Unequal post-surgery death rate mainly applies to planned surgeries
Findings highlight the need for better understanding of the challenges facing Black men requiring surgery in the US
Black men have a higher death rate within 30 days of surgery compared with any other subgroup of race and sex, finds a study of adults in the United States published in The BMJ.
This inequality in death rate was mainly observed for elective, or planned, surgeries, where the death rate for Black men was 50% higher than that of White men.
The researchers say further research is needed to understand better the “factors contributing to this higher mortality rate among Black men after elective surgery.”
In previous studies, racial inequities in surgical care and outcomes, including a higher death rate following surgery for Black patients, have been well documented.
However, less is known of how surgical outcomes differ by the race and sex of patients undergoing both elective or non-elective (urgent or emergency) surgeries.
To fill in this knowledge gap, the researchers used nationwide Medicare data on 1,868,036 adults with an average age of 75 years who underwent one of eight surgeries —abdominal aortic aneurysm repair, appendectomy, cholecystectomy, colectomy, coronary artery bypass surgery, hip replacement, knee replacement, and lung resection—between 2016–2018.
They analysed data for differences in death rates between subgroups of race and sex, following elective or urgent surgeries
Of the adults included in this study, 40.7% were White men, 53.4% were White women, 2.2% were Black men, and 3.7% were Black women. Just over 70% of the surgeries were elective.
After accounting for other potentially influential factors such as age, disability, and a range of underlying chronic conditions, the researchers found that Black men had a higher death rate (3.05%) within 30 days of both urgent and elective surgery than White men (2.69%), White women (2.38%), and Black women (2.18%).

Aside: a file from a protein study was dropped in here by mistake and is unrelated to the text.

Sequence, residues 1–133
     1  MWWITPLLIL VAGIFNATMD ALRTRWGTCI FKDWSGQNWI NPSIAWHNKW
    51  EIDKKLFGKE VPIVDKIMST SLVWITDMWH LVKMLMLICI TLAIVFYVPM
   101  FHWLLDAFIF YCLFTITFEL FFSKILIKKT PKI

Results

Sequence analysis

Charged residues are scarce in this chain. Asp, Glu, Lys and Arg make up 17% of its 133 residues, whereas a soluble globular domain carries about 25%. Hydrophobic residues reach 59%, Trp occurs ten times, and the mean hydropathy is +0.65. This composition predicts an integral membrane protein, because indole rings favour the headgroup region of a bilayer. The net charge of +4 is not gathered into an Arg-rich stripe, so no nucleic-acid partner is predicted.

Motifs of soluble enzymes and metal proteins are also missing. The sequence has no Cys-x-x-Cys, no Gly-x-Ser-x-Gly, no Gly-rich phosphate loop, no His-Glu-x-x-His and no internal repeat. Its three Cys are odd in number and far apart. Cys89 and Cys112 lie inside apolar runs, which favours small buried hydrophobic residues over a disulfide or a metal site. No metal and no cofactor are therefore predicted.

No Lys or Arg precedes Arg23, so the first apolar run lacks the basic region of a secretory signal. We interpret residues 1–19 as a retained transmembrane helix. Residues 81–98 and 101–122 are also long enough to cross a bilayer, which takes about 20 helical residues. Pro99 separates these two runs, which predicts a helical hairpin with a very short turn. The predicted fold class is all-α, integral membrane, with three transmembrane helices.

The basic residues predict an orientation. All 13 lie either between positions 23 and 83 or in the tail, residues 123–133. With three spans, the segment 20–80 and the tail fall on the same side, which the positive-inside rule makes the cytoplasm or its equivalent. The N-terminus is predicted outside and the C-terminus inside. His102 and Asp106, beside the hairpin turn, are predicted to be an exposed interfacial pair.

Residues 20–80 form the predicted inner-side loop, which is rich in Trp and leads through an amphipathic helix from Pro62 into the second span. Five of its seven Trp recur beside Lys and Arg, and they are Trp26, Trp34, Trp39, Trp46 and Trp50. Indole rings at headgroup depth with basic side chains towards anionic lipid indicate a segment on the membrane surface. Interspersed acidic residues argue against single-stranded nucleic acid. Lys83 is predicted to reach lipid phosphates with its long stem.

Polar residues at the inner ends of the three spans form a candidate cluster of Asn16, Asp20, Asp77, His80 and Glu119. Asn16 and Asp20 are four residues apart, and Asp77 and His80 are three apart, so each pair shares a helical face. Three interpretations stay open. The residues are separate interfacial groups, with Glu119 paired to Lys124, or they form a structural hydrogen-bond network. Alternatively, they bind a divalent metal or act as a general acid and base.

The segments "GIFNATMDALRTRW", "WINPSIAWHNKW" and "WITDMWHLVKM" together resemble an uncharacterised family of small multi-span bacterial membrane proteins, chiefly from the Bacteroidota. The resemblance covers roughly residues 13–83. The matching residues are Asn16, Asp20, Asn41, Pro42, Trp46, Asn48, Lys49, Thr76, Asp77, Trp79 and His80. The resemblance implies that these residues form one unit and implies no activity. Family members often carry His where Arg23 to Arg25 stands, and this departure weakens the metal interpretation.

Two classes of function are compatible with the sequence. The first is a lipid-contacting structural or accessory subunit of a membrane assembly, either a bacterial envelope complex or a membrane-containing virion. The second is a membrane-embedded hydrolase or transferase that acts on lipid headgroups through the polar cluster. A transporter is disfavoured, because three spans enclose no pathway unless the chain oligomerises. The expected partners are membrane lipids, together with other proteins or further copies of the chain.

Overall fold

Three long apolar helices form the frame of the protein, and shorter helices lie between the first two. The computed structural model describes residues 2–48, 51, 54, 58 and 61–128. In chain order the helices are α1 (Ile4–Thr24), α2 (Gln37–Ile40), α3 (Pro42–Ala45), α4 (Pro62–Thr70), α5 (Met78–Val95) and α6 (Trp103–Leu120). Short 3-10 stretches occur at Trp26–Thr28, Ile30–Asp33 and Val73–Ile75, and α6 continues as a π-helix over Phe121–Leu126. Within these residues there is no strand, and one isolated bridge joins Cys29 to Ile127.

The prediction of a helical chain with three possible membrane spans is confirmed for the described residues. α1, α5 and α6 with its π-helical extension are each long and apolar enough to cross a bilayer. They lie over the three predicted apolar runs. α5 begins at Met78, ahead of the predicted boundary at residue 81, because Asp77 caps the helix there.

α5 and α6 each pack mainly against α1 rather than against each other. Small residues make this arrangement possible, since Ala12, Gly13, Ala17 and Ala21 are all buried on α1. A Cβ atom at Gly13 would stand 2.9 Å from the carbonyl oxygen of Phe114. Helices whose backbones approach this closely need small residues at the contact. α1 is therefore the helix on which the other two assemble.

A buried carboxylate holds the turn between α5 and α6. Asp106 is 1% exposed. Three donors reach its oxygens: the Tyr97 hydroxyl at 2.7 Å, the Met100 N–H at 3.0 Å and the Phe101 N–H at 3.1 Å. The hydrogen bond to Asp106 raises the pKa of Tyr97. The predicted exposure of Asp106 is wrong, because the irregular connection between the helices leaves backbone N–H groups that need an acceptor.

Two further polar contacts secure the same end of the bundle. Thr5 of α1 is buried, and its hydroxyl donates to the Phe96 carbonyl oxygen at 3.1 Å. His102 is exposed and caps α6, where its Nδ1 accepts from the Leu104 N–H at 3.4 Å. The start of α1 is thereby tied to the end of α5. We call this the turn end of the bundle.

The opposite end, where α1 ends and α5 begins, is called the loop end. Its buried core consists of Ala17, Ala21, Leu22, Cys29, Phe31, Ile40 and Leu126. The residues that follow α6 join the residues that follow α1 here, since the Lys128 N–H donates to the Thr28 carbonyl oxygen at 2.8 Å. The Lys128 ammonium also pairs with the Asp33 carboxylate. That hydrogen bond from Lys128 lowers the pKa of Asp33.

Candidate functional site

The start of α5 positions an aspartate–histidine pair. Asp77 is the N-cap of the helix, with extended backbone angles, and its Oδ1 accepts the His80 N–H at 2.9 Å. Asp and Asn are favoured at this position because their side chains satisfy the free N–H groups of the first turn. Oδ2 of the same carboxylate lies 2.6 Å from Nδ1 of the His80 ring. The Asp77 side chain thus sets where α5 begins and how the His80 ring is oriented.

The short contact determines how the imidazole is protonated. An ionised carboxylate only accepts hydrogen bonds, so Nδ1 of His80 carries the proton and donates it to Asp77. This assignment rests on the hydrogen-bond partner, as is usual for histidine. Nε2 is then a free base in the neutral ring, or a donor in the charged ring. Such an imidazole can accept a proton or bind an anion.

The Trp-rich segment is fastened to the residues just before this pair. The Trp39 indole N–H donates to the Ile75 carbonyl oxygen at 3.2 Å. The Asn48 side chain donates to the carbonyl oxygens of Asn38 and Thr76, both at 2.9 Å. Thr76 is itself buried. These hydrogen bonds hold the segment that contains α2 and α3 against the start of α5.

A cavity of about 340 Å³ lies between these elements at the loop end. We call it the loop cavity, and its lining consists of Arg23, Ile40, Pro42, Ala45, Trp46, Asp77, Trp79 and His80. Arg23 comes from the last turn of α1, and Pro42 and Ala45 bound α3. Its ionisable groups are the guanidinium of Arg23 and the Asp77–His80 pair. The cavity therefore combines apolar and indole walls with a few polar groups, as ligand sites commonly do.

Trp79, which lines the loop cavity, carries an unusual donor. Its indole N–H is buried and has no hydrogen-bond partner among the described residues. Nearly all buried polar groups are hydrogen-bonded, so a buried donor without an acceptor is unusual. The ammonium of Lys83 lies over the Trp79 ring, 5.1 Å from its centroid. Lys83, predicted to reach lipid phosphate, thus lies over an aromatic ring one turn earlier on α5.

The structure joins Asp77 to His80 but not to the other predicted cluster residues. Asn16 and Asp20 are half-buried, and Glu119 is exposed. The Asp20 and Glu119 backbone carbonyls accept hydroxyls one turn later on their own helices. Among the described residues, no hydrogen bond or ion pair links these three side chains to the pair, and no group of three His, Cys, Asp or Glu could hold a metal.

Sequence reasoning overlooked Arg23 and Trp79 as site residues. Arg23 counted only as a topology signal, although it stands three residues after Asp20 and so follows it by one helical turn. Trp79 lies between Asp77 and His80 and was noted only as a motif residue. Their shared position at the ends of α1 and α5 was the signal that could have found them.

A similar pattern was found for elective surgery: Black men had a higher death rate (1.3%) than White men (0.85%), White women (0.82%), and Black women (0.79%).
This 0.45 percentage point difference between Black and White men “implies that mortality after elective procedures was 50% higher in Black men compared with White men", say the researchers.
And much of this difference persisted even when patients operated on by the same surgeon were compared, they note.
The researchers did not find a statistically significant difference between Black and White men following urgent surgery, with death rates of 6.69% and 7.03%, respectively.
They did, however, find that deaths after urgent surgery were lower for both White and Black women, than men of either race, at 6.12% and 5.29%, respectively.
This is an observational study, so cannot establish cause, and the researchers acknowledge that their results were limited to Black and White Medicare patients undergoing certain procedures, so may not apply to other groups or types of surgery.
However, results remained largely unchanged after further sensitivity analyses, suggesting that they are robust.
The researchers suggest that structural racism within society, such as higher rates of poverty among Black patients, which can lead to poorer underlying health and challenges accessing care, may, at least partially, explain their findings, and say better standardisation of care is needed to help mitigate some of these factors and reduce inequities in surgical outcomes.
“Further research is needed to understand better the preoperative, intraoperative, and postoperative factors contributing to this higher mortality rate among Black men after elective surgery, ” they conclude.
Notes for editors
Research: Inequities in surgical outcomes by race and sex in the United States: retrospective cohort study doi:10.1136/bmj-2022-073290
Journal: The BMJ
Funding: National Institute on Minority Health and Health Disparities
Link to Academy of Medical Sciences press release labelling system:
Externally peer reviewed? Yes
Evidence type: Observational (Retrospective cohort study)
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